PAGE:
"I thought we did a good job getting at them early and putting that pressure on them," said Dempsey. "At first the game seemed like it was even -- then it started to sway a little bit in our favor. I tried to play to that and keep the intensity up and I thought that helped us out."
Japan started the game well in the first few minutes, creating a dangerous chance and making the U.S. defense look a bit shaky, but the Americans were soon in sync and keeping the ball in the Japanese half. They circled Yoshikatsu Kawaguchi's goal, probing for opportunities. Not surprisingly, forward Taylor Twellman was in the mix of most.
What was more eye-opening was how he used his grit, vision and heading skill to knock down a long pass from defender Todd Dunivant. The ball took a slight deflection off a Japanese defender, but still continued to its target, centerback Eddie Pope, who nailed the shot into the net.
The next goal was an even better example of the U.S. team's ability to maximize their skills through good teamwork. Again wrecking havoc near the Japanese box, Dempsey flicked a pass to forward Josh Wolff, who fooled the Japanese defense by one-touching a pass to Twellman, who redirected the ball to Dempsey. The finish into the goal was the simplest move of the entire sequence.
Apart from the goals, the U.S. midfielders were dominating the run of play, linking up well with the forwards. It may not be a coincidence that both Dempsey and Twellman have had some of their best games while on the field with each other and Pat Noonan, another New England Revolution teammate. Noonan was active in pushing the ball forward on several occasions.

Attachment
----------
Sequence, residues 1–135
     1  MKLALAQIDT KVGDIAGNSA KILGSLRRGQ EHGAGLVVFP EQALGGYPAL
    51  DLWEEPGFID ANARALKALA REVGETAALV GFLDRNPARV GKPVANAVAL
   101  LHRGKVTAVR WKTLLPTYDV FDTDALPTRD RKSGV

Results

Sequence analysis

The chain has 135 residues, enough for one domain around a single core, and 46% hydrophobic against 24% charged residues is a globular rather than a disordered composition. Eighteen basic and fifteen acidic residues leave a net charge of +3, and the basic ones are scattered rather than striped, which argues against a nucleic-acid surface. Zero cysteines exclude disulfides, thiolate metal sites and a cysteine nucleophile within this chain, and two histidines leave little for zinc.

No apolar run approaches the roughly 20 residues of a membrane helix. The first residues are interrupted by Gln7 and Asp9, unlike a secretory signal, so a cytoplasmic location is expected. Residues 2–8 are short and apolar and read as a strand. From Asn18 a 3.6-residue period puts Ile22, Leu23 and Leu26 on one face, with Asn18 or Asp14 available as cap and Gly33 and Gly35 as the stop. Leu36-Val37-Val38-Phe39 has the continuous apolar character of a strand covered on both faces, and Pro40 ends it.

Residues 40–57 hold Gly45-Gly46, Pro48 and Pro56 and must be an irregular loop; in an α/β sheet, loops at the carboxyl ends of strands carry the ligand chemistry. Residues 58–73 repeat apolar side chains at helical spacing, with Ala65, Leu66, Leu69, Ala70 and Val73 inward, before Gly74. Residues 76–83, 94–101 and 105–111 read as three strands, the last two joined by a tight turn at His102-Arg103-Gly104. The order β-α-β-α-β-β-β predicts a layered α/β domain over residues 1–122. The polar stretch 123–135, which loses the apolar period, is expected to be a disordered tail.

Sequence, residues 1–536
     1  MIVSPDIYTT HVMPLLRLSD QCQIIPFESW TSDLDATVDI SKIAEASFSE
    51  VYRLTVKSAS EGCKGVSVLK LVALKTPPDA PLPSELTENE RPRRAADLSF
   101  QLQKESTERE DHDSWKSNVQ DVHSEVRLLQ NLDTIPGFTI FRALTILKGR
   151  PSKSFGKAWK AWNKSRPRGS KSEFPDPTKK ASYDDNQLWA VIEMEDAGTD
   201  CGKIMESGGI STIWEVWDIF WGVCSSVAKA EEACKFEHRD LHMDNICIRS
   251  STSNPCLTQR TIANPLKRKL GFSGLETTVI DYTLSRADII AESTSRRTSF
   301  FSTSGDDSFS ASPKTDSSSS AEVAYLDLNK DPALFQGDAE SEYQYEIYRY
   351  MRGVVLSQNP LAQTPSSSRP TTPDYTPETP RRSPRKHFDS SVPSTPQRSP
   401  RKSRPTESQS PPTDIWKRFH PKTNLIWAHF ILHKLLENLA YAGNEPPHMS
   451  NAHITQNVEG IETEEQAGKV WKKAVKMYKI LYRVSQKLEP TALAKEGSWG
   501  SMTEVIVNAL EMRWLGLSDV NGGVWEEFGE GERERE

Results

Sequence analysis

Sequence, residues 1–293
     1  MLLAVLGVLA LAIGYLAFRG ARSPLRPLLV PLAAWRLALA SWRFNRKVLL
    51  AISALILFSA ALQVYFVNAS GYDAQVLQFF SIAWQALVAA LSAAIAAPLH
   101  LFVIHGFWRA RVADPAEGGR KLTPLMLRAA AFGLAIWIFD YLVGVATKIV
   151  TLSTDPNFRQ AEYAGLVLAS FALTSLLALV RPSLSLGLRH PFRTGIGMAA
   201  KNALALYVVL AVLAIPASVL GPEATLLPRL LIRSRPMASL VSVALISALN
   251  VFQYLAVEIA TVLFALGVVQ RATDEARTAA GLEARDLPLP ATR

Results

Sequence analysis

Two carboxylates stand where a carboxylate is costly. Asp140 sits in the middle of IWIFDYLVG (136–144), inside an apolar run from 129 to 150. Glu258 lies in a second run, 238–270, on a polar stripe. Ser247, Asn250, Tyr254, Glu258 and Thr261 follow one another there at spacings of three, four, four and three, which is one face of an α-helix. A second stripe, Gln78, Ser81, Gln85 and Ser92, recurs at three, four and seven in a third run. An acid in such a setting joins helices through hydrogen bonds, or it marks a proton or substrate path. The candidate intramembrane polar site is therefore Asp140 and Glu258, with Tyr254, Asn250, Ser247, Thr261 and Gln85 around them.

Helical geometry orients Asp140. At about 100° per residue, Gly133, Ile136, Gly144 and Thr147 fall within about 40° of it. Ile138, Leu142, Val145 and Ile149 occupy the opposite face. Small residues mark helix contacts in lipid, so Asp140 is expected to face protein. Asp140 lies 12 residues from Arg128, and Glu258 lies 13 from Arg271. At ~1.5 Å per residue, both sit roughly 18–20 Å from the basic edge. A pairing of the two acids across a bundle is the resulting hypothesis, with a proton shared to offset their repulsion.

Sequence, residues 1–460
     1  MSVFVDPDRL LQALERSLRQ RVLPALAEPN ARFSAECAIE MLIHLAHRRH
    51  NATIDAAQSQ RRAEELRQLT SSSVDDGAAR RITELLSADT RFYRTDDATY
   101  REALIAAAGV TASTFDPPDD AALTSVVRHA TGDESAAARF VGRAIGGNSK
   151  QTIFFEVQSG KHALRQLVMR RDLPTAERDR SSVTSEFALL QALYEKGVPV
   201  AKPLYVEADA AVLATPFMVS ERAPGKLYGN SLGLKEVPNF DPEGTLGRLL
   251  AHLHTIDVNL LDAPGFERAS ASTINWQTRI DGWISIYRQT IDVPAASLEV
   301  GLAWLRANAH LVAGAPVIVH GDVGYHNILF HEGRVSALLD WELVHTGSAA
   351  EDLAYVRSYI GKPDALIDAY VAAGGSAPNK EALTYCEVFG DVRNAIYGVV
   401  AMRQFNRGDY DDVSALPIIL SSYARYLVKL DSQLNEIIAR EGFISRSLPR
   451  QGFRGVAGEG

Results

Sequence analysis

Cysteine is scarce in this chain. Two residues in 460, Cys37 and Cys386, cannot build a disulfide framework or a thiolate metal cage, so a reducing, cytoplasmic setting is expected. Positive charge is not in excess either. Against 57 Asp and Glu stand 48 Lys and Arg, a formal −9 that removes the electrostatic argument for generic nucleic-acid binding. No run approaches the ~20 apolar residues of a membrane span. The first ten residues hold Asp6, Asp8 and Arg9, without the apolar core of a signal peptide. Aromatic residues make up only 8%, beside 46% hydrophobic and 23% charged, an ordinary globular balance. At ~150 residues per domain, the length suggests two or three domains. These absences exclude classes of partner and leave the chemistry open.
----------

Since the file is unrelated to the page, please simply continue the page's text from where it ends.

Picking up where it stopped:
"It's always good to have Revolution players alongside," said Dempsey. "You have that chemistry and you kind of know what they're going to do. Against Norway, I was able to assist on Taylor's goal and then my goal tonight, he was able to assist on mine. Noonan also got an assist to Taylor in the Norway game."
All the MLS players are familiar with each other to a certain degree, but the connection between regular squad players is even stronger.
"It just shows you that team chemistry always helps," maintained Dempsey. "It gives you an advantage, because you know what your teammates going to do before the opponent does, because you've seen them do it day in and day out."
The tactics of the Americans paid off in final U.S. goal. The team had patiently earned several corners. The height advantage over the Japanese players wasn't huge, but it was a factor to be exploited. Twellman provided the last touch on a powerful header from a Landon Donovan kick.
Smart play, teamwork and hustle were the obvious attributes the U.S. put on full display. Yet given enough time, Japan proved itself a worthy squad to expose weaknesses as well.